2. The term "patient-centered" care needs to be 'fleshed out' here -- some of this will depend upon one's (both the patient's and the physician's)  'world view,' but I would maintain that if so-called 'faith - based' orgainizations held as their rule to treat or not treat a certain kind of condition in a certain way that is consistent with their 'mission statement, or bylaws' then they would certainly be free to do so. There are already biases in our current health care system anyway - you could argue this to the moon. It's still a free country (thank God).  You are also touching on a huge issue with contraceptive services - I agree that it should be patient - centered, but I am also implying here that this would include adequate education of the patient with respect to ALL available choices, including non-hormonal therapies, and non-abortifacient methods, etc... Again, a potential HUGE tangent, but there are many more than these.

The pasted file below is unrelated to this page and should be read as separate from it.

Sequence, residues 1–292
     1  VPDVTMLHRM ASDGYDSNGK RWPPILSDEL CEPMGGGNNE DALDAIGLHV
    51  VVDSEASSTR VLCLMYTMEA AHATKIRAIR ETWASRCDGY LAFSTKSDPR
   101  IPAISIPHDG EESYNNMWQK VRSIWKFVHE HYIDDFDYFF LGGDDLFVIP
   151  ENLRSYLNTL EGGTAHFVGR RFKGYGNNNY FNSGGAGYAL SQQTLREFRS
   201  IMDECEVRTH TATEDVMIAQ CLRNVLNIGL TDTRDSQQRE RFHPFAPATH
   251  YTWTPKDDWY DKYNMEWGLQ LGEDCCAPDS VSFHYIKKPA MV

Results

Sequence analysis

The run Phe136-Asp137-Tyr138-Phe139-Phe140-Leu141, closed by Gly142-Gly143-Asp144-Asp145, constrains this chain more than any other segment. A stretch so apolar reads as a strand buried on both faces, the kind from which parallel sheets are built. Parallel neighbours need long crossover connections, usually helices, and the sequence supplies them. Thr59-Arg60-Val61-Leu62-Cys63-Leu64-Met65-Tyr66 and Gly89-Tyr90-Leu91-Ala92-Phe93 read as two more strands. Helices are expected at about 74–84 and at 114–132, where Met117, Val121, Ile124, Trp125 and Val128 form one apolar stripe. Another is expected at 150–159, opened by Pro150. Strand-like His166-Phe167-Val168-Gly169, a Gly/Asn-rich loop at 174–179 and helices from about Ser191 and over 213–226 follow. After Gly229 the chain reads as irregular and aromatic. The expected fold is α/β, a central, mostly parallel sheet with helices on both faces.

3. I appreciate your further analysis of the 'vulnerable populations' -- my next question would be "vulnerable to what??" Alternative medicine? Alternative beliefs? What about appropriate treatment, and a caring atmosphere that maybe some of them (particularly the children) have not as yet experienced? Just being in our American society and pop culture, these people are already vulnerable to very damaging behaviors being represented in the media - is exposing them to a Catholic (or Protestant, or Jewish) hospital that much more damaging than what probably many of them have already seen?? I'm not sure what the answer in all cases is here, but I trained in a Catholic Hospital, and I certainly felt that the care was of the highest quality and the atmosphere was most certainly a caring one - and certainly at par with the University Hospital, VA Hospital, IHS hospital, and community hospitals in which I had worked as a medical student and in practice. 
Anyway, some more thoughts....


Dear Dr. S;

Happy 4th of July!  I hope you have a quiet, enjoyable day.

To address your most recent comments: